- spiritual warfare
- The term spiritual warfare refers to the use of New Testament military imagery to describe the struggles of the Christian life, from simple resistance to sin to fights against demonic forces. Basic references include Ephesians 6:12, which states, "For we wrestle not against flesh and blood but against . . . the rulers of the darkness of this world, against spiritual wickedness in high places." The appropriate response for the Christian is to "Put on the whole armor of God . . . Stand therefore having your loins girded with truth, and having on the breastplate of righteousness; and your feet shod with the gospel of peace; above all, taking the shield of faith." Such passages of "spiritual warfare" have been used throughout Christian history to inspire a life of piety and holiness.At times, the term refers to a special ministry of casting out demons in imitation of Jesus and the apostles, part of the healing ministry of the church. While exorcisms have always been present in Christianity, they were a fringe enterprise by the 19th century. in the 20th century, secular psychology offered nonsupernatural explanations of what had been called demon possession.However, deliverance ministry, specializing in freeing people from demonic influence and possession, has made a significant return in the contexts of spiritual healing and Pentecostalism. Much of the impetus came from the mission field and the encounter with polytheistic and magical faiths. Simultaneously, spiritualism, fortune-telling, astrology, and other esoteric practices were on the rise in the West, even in a secular context.Exorcisms made a significant comeback in the 1970s with the rise of the Charismatic movement. Among leading early spokespersons was Win Wor-ley (d. 1994), pastor of Hegewisch Baptist Church in Chicago, a Pentecostal congregation. Worley wrote no fewer than 11 books and released more than 50 booklets, audiotapes, and videotapes on the subject. Literally hundreds of deliverance ministries have been founded in more recent years. Within these ministries, there has been a tendency to move beyond prayer for people facing dysfunctional mental and spiritual conditions; a whole range of negative life conditions, bad habits, and sinful behaviors are seen as signs of demon possession.The rise of deliverance ministries raises serious issues for conservative Christians, especially the basic question of whether a Christian who has been delivered by the grace of God can ever be possessed. Pentecostal scholars and leaders have also criticized the ministries for placing too much emphasis on secret knowledge of the demonic world, distracting attention from Christ's healing power.In the 1980s, the notion of territorial spirits entered the deliverance world, apparently from Latin America. Some evangelists talked about powerful demons who ruled over certain regions or territories and whose main goal was hindering people from coming to faith in Christ. in the 1970s, Frank Peretti (b. 1951) wrote two popular books, This Present Darkness (1986) and Piercing the Darkness (1989), that treated battles with territorial spirits. A new picture of the spiritual world became popular, in which the devil assigned demons to different tasks: presiding over territories, assisting magicians and sorcerers, and possessing individuals.In 1990, John Dawson wrote a popular treatment of the idea, Taking Our Cities for God: How to Break Spiritual Strongholds (1990). Fuller Theological Seminary professor Peter C. Wagner (b. 1930) also identified with the new movement in his volume Engaging the Enemy: How to Fight and Defeat Territorial Spirits (1991). Wagner has gone on to write several books promoting what has become known as Strategic Level Spiritual Warfare (SLSW). Adherents practice spiritual mapping by assembling information on a particular region, including the status of Christianity, any historical events that might have caused trauma, the dominant philosophies and religions, and different groups that pose spiritual opposition. All these factors become the focus of directed prayer.Further reading:■ Ray Beeson, Strategic Spiritual Warfare: An Interactive Workbook (Nashville, Tenn.: Thomas Nelson 1995)■ John Dawson, Taking Our Cities for God: How to Break Spiritual Strongholds (Lake Mary, Fla.: Creation House, 1990)■ Peter C. Wagner, Breaking Strongholds in Your City: How to Use Spiritual Mapping to Make Your Prayers More Strategic, Effective and Targeted (Ventura, Calif.: Regal Books, 1993); , Engaging the Enemy: How to Fight and Defeat Territorial Spirits (Ventura, Calif.: Regal Books, 1991)■ Win Worley, Conquering the Hosts of Hell: An Open Triumph (Lansing, Ill.: Hegewisch Baptist Church, 1977).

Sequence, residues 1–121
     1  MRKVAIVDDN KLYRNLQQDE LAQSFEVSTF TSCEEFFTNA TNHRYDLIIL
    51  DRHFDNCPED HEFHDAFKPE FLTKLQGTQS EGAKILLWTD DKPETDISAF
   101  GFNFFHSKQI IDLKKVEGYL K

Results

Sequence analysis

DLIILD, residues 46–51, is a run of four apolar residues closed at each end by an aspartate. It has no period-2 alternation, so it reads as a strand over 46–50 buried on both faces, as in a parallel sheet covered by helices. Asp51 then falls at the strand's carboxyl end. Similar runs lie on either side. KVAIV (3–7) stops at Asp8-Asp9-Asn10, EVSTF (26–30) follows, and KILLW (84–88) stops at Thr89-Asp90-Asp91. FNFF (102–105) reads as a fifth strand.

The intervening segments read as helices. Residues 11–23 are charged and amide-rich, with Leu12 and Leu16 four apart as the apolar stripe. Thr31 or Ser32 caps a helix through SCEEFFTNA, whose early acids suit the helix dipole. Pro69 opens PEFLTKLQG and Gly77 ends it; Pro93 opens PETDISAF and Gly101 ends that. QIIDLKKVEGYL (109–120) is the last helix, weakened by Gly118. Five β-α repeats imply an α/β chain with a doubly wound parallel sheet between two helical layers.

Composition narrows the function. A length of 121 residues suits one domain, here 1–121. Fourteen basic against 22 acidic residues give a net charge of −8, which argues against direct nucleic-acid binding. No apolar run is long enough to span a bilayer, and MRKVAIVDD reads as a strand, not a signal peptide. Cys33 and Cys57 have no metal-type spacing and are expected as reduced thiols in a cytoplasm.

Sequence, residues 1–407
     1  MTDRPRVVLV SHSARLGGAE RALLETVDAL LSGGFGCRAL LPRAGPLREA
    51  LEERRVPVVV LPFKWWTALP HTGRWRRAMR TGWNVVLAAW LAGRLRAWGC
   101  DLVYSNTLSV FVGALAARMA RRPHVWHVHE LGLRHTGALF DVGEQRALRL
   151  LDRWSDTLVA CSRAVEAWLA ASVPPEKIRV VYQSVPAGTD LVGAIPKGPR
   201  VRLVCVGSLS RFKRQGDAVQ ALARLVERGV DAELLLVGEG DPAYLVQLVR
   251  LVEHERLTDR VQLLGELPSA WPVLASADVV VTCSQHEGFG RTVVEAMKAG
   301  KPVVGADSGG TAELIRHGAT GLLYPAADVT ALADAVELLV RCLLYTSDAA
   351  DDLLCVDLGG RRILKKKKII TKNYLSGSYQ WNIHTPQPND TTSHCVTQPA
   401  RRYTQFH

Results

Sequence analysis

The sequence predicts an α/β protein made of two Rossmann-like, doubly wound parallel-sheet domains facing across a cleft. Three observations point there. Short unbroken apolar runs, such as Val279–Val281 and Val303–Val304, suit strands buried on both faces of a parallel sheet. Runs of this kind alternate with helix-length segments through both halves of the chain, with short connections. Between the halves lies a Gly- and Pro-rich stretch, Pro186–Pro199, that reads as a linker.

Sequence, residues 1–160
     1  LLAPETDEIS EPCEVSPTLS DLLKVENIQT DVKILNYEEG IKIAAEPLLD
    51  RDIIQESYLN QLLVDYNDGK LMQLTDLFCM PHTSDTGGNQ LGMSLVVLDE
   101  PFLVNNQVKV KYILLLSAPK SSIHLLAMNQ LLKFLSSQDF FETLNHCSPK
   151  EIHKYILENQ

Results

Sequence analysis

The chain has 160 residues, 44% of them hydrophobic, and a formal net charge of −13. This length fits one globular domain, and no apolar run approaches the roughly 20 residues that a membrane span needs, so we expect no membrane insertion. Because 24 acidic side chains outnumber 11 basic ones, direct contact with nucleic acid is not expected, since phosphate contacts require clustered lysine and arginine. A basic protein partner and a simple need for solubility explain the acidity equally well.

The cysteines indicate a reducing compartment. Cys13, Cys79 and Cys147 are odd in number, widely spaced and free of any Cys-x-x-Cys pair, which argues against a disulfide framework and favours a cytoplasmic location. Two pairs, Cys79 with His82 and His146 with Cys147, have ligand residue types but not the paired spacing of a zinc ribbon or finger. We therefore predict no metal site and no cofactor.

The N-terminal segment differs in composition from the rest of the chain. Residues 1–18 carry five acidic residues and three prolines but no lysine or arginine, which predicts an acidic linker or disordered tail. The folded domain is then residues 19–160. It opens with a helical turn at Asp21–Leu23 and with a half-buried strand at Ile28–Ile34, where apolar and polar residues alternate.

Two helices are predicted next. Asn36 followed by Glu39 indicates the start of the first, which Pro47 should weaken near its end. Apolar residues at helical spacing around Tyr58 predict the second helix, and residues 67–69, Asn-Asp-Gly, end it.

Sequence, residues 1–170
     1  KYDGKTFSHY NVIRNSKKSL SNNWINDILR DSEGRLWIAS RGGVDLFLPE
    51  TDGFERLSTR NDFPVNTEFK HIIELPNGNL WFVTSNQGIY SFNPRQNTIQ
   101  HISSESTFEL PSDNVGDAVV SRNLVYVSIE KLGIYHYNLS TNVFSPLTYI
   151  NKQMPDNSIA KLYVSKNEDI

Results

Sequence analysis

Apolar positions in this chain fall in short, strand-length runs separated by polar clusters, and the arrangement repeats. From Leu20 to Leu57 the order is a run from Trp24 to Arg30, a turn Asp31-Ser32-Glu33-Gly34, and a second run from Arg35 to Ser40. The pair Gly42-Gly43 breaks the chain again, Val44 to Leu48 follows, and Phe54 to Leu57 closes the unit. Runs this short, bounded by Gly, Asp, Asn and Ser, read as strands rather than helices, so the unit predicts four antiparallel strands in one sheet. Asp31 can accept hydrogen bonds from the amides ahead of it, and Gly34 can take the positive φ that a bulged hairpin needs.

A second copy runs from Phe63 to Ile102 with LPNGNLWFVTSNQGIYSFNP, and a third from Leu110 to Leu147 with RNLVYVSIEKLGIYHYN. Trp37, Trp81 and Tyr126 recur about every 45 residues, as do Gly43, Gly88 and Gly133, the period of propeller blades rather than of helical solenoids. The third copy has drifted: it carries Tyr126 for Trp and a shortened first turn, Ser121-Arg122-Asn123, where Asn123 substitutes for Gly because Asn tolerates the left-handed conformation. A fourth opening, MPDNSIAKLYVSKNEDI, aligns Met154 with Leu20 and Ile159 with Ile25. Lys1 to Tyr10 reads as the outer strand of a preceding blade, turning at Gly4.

Encyclopedia of Protestantism. Gordon Melton. 2005.